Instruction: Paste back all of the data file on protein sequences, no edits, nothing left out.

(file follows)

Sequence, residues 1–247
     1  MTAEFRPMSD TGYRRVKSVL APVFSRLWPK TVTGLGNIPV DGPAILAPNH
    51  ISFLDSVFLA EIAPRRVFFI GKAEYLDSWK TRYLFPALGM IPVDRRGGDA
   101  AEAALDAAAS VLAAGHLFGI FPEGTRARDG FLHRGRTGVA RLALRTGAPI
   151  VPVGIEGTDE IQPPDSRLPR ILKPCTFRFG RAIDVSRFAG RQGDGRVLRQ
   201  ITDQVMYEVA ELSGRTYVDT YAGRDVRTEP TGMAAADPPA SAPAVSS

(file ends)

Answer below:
Sequence, residues 1–247
     1  MTAEFRPMSD TGYRRVKSVL APVFSRLWPK TVTGLGNIPV DGPAILAPNH
    51  ISFLDSVFLA EIAPRRVFFI GKAEYLDSWK TRYLFPALGM IPVDRRGGDA
   101  AEAALDAAAS VLAAGHLFGI FPEGTRARDG FLHRGRTGVA RLALRTGAPI
   151  VPVGIEGTDE IQPPDSRLPR ILKPCTFRFG RAIDVSRFAG RQGDGRVLRQ
   201  ITDQVMYEVA ELSGRTYVDT YAGRDVRTEP TGMAAADPPA SAPAVSS